There are a number of gluten testing systems being used by the food industry to check for the presence of gluten in both raw and processed foods. The majority of them are enzyme-linked immunosorbent assays or “ELISAs.” Others include polymerase chain reaction (PCR), which is DNA rather than protein based; and adenosine triphosphate (ATP) swab tests, which check for surface cleanliness. There are others as well. The challenge at the moment is that neither governments nor industry have been able to harmonize results and come up with an internationally accepted standard. In other words, not every test gives the same result. More work needs to be, and is being, done.
Beginning on August 4, 2012, new food labelling regulations came into effect in Canada. Ingredients that previously didn’t necessarily need to be listed on labels—such as components of margarine, seasoning, and flour—now need to be included. A large part of this requirement stems from the need for people with Celiac disease to be able to identify any potential sources of gluten in a given food.
In addition to including a complete ingredients list, certain “priority” allergens—including those containing gluten— also need to be identified with a “Contains: XXXXX” statement somewhere on the package, along with the common name of the allergen (i.e. “milk” or “wheat” instead of a technical name) to make it easier for consumers to recognize “what is gluten” when they look at packaging.
Additionally, in instances where cross-contamination may occur, precautionary statements must be included, such as “This product may contain XXXX”. Generally speaking, people with Celiac disease should view these precautionary warnings as though they were regular ingredients and avoid these products.
To learn more about Regulatory Requirements for Gluten Free in Canada, click here.
Risks of cross-contamination
One of the latest developments in food production is technology to track any possible cross-contamination caused by plant equipment previously used for gluten containing foods that was not properly sanitized.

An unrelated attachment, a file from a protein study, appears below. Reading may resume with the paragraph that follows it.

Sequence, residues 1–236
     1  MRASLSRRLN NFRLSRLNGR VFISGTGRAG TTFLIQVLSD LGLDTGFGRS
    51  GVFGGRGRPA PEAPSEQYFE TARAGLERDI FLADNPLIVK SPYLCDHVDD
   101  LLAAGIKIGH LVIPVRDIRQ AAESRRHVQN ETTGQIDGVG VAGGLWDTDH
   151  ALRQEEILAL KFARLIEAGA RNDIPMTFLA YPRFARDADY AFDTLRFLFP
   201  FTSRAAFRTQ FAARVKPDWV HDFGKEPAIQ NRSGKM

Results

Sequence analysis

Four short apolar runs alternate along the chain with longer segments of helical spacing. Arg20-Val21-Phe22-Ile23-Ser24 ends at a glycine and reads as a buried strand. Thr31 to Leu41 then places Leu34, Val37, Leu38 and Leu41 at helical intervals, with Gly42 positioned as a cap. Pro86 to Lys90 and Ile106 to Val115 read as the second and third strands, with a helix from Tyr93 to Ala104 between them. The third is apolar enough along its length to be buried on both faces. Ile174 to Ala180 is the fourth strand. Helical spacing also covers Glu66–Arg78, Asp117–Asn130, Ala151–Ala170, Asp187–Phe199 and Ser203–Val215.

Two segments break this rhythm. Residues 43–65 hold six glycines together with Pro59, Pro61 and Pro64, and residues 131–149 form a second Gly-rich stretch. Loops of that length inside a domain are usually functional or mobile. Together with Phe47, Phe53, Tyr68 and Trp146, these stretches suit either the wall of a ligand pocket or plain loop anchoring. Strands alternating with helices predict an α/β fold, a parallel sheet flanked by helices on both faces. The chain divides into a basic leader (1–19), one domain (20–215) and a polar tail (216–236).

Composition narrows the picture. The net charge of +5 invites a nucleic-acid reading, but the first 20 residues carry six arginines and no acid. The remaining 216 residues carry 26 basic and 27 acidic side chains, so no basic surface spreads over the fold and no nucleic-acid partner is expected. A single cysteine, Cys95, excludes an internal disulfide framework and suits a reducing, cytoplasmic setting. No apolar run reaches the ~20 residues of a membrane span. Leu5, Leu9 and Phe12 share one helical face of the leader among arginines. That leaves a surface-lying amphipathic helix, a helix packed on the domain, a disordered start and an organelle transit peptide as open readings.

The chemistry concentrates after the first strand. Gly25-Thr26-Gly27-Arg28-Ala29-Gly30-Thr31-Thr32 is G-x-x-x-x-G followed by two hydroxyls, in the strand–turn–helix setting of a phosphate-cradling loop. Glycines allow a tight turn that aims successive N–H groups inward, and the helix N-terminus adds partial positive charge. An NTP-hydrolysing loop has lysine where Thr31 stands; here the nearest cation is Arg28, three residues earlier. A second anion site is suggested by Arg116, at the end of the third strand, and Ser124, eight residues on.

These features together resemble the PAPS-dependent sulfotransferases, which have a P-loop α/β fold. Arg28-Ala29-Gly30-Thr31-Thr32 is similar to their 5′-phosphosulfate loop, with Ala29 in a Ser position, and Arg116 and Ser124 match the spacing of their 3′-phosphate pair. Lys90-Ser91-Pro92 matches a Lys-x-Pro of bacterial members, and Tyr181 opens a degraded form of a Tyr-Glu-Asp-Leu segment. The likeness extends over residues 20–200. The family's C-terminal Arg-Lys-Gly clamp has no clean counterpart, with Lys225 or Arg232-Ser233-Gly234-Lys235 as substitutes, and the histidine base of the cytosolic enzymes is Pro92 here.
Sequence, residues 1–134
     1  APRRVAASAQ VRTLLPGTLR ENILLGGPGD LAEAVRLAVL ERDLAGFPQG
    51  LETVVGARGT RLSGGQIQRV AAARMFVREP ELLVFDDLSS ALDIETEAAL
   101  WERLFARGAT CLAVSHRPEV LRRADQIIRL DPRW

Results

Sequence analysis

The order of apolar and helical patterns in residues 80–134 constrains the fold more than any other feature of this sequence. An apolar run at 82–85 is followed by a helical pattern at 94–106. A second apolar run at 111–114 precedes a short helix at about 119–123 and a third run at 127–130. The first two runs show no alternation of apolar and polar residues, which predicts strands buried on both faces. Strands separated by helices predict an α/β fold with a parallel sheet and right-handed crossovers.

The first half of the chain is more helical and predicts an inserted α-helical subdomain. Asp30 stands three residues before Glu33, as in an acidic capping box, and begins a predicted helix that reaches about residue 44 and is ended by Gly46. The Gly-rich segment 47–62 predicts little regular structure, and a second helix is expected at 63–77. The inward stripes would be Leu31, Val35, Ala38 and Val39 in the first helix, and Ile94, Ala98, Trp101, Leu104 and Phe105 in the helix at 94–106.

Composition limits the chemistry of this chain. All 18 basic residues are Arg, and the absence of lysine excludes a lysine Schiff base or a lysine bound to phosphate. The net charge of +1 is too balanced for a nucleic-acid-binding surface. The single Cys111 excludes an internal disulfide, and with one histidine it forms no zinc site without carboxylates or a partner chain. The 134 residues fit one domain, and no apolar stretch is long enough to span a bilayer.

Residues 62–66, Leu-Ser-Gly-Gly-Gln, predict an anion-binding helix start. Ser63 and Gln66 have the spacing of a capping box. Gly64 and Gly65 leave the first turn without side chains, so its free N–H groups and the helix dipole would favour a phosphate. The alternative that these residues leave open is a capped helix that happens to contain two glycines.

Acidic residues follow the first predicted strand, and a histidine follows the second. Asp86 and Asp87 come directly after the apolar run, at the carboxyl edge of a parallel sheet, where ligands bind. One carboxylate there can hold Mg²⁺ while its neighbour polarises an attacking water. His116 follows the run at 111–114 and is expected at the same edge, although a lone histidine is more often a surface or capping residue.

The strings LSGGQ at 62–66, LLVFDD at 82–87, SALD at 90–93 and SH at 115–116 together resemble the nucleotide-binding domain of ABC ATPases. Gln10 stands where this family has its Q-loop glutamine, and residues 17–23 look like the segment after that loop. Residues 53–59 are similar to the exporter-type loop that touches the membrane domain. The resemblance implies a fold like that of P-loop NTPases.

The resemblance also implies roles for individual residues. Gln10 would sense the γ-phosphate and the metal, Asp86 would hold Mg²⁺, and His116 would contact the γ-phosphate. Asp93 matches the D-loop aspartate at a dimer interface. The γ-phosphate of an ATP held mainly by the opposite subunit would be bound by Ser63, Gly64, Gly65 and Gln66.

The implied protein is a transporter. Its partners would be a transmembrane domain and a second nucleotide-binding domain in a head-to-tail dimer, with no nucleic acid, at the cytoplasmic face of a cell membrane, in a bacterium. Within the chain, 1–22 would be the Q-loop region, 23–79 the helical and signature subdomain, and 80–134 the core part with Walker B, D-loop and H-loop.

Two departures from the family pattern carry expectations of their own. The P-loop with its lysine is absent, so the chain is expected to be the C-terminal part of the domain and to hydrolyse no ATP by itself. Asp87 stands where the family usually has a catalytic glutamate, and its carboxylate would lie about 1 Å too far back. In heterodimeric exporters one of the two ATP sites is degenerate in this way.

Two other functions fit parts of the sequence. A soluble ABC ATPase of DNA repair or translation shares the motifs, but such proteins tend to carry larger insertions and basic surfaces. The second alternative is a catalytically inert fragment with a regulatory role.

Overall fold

Neogen Corporation’s 3-D Reveal Line, for instance, has become popular because of its accuracy and ease of use. It is intended for the qualitative analysis of gluten residue in clean-in-place rinses, and on environmental surfaces. There are several other excellent products out there as well.
There are a number of ways that cross-contamination can occur. The most common one is simply when equipment used for producing both gluten-containing and gluten-free foods receiving improper cleaning between uses. Even the slightest contamination—crumbs, dust—results in potentially dangerous impurities for Celiacs.
Additionally, when producing fried foods, it’s important to ensure that the oils being used are fresh and clean. If, for example, French-fried potatoes are prepared in an oil that was previously used with a gluten-containing product, cross-contamination can occur, resulting in illness.
Many factories opt for dedicated production lines to help minimize this risk of cross-contamination. There are still risks, however, if the lines are in the same production space. The main issue here is airborne contaminants. If there is milling, cutting, and so on, there is a chance that fine particles of grain may be circulating in the air and can become incorporated into a gluten-free production area.
Gluten-free Certification Program
The increasing incidence of Celiac patients getting sick from eating contaminated gluten-free-labeled food created the GF Certification Program in Canada. It requires GF manufacturers to have their plants and processes audited by third-party auditors on an annual basis. For more information about the program and use of the trusted mark of the Canadian Celiac Association, please see http://www.celiac.ca/index.php/about-the-cca/certification/.
To request a copy of GFCP’s requirements and to book an appointment with an auditor, please visit GFCP’s website.